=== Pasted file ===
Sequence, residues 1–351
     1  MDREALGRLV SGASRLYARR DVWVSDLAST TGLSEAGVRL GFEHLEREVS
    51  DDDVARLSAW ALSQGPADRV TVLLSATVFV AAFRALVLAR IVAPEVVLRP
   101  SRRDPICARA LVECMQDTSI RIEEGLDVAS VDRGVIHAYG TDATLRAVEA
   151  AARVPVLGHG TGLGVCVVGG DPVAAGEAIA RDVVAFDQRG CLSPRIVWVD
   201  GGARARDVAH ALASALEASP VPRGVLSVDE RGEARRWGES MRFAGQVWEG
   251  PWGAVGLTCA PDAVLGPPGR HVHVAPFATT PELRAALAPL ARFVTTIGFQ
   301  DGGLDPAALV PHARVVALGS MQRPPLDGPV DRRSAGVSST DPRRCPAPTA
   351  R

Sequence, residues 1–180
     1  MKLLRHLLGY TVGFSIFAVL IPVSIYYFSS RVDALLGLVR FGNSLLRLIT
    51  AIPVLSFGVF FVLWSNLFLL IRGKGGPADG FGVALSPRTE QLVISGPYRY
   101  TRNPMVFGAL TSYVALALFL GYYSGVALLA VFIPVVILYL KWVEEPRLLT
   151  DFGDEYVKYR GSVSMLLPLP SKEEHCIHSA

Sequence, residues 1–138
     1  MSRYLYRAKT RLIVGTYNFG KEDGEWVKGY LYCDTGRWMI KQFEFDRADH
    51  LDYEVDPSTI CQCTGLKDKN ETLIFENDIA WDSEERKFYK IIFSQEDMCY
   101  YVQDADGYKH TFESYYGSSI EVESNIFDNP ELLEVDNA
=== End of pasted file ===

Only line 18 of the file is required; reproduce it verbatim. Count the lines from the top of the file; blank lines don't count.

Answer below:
   101  YVQDADGYKH TFESYYGSSI EVESNIFDNP ELLEVDNA